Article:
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BioMed Research International
Volume 2013 (2013), Article ID 752603, 8 pages
Research Article

Soluble Flt-1 Gene Delivery in Acute Myeloid Leukemic Cells Mediating a Nonviral Gene Carrier

1Medical Genetics Laboratory, Faculty of Medicine and Health Sciences, Universiti Putra Malaysia, 43400 Serdang, Selangor, Malaysia
2Department of Medical Microbiology, Faculty of Medicine, Ilam University of Medical Sciences, Ilam 69316, Iran
3UPM-MAKNA Cancer Research Laboratory, Institute of Bioscience, Universiti Putra Malaysia, 43400 Serdang, Selangor, Malaysia
4Perdana University Graduate School of Medicine, Perdana University, 43400 Serdang, Selangor, Malaysia
5Department of Microbiology, College of Medicine, Al-Nahrain University, Baghdad, Iraq
6Hematology Department, School of Allied Health Medicine, Tehran University of Medical Sciences, Tehran, Iran

Received 25 May 2012; Revised 28 October 2012; Accepted 15 November 2012

Academic Editor: Richard Tucker

Copyright © 2013 Razieh Amini et al. This is an open access article distributed under the Creative Commons Attribution License, which permits unrestricted use, distribution, and reproduction in any medium, provided the original work is properly cited.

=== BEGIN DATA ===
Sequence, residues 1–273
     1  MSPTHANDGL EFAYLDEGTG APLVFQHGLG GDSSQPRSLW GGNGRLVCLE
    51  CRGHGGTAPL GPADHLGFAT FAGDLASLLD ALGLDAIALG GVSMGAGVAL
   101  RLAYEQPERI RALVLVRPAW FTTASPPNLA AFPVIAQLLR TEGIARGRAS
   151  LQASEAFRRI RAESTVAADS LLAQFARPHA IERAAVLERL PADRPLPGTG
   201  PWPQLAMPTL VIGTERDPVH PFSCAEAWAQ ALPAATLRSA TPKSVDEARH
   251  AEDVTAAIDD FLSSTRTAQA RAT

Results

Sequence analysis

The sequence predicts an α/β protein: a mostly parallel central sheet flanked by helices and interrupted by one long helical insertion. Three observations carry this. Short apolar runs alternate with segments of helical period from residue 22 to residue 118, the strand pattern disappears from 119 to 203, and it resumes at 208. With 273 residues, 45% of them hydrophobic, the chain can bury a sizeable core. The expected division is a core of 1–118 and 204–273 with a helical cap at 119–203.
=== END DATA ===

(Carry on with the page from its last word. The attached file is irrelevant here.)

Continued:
Vascular endothelial growth factor (VEGF) is a potent angiogenic factor involved in angiogenesis-mediated progression of acute myeloid leukemia (AML). Studies have reported the role of soluble form of fms-like tyrosine kinase (sFlT-1) delivery as an antitumor agent by inhibiting VEGF. This study investigates the outcome of delivery of a VEGF165 antagonist, soluble vascular endothelial growth factor receptor, namely sFLT-1, mediating lipofectamine 2000 in acute myeloid leukemic cells. A recombinant plasmid expressing sFLT-1 was constructed and transfected into the K562 and HL60 cells using lipofectamine 2000 transfection reagent. sFLT-1 expression/secretion in pVAX-sFLT-1 transfected cells was verified by RT-PCR and western blot. MTS assay was carried out to evaluate the effect of sFLT-1 on human umbilical vein endothelial cells and K562 and HL60 cells in vitro. Treatment with pVAX-sFLT-1 showed no association between sFLT-1 and proliferation of infected K562 and HL60 cells, while it demonstrated a significant inhibitory impact on the proliferation of HUVECs. The results of the current study imply that the combination of nonviral gene carrier and sFLT-1 possesses the potential to provide efficient tool for the antiangiogenic gene therapy of AML.